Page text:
Unsafe Amounts of Lead in Children’s Drinks
A new report just released by the Environmental Law Foundation (ELF), an environmental nonprofit agency, found that 85 percent of kids’ drinks, organic and conventional, contained so much lead that they may exceed federal limits for young children. Besides juice in flavors like apple and grape, fruit cocktail mixes, packaged pears and peaches, and some baby foods also made the list for containing unsafe amounts of lead. The ELF used a U.S. Environmental Protection Agency certified lab to test 400 samples of 150 products marketed to kids.
Of the 150 products, 125 were contaminated with enough lead in a single serving to require a warning label under California’s Safe Drinking and Toxic Enforcement Act of 1986. The FDA sets a tolerable lead intake level at 6 micrograms daily, and the California Safe Drinking Act sets it at 5 micrograms. The American Academy of Pediatrics says there’s no safe level of exposure.
McDonalds recently pulled Shrek glasses from distribution for small amounts of cadmium in their outer coloring. Now we seem to have added lead to the juice we are pouring into those glasses.
So what are the effects of too much lead, especially on children? “Excessive lead exposure can cause anemia, hearing damage, behavioral problems, learning disabilities and host of other problems for children,” according to the Mayo Clinic. The Children’s Environmental Health Center sites that, “Lead can affect almost every organ and system in your body. It can be equally harmful if breathed or swallowed. The part of the body most sensitive to lead exposure is the central nervous system, especially in children, who are more vulnerable to lead poisoning than adults.” The Center goes on to site that, “A child who swallows large amounts of lead can develop brain damage that can cause convulsions and death; the child can also develop blood anemia, kidney damage, colic, and muscle weakness. Repeated low levels of exposure to lead can alter a child’s normal mental and physical growth, and result in learning or behavioral problems.”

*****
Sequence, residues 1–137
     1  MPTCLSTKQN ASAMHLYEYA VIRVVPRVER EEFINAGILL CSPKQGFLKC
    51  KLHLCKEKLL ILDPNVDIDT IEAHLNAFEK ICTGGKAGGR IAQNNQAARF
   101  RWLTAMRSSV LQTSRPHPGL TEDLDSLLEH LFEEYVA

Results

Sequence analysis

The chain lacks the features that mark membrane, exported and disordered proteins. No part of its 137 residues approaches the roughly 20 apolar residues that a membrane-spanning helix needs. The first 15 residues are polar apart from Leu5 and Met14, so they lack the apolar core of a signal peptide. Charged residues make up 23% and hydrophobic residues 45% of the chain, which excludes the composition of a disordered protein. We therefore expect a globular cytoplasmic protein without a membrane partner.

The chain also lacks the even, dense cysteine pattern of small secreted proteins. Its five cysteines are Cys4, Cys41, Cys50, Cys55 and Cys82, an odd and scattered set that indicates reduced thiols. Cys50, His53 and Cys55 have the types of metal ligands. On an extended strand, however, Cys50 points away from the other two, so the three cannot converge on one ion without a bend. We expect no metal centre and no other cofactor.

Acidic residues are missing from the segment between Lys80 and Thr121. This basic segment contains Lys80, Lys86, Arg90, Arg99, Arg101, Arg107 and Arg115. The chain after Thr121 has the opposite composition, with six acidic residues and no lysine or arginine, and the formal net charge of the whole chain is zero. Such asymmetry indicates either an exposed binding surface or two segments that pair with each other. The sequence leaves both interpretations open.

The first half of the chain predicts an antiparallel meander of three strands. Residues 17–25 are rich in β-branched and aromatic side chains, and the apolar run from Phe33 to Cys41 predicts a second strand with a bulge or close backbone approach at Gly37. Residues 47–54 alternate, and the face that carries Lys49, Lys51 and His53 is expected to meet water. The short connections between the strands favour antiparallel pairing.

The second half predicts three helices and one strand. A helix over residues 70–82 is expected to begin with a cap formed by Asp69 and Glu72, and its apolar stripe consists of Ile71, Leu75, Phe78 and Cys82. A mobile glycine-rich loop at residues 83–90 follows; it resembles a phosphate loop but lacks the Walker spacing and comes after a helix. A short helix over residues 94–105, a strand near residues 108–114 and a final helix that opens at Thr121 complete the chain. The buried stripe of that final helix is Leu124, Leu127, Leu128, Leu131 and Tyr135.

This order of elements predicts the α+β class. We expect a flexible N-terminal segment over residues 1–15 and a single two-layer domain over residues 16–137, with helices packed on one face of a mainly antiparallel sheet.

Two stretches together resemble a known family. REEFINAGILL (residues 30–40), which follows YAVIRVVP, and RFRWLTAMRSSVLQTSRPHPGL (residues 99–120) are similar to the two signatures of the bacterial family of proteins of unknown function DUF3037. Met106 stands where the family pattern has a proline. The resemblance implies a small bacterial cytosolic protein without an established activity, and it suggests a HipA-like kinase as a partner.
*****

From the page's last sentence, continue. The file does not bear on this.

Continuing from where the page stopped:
We need to get back to eating fresh fruits rather than drinking them or opening them up from a can. It is much better for us and our kids anyways. The best thing for parents to do in the meantime is to avoid the list of juices and fruit products that the ELF tested for lead. The products can be found at Our365 website.
The Federal Food and Drug Administration (FDA), traditionally only issues a recall or an alert if something has already gone wrong with the product, or after being notified by the company that it has found an issue or a labeling error. With limited resources and staff, it can’t test everything, and it doesn’t try too. The best bet we have as consumers is to stop buying these tainted products and let the manufacturers know about your concerns.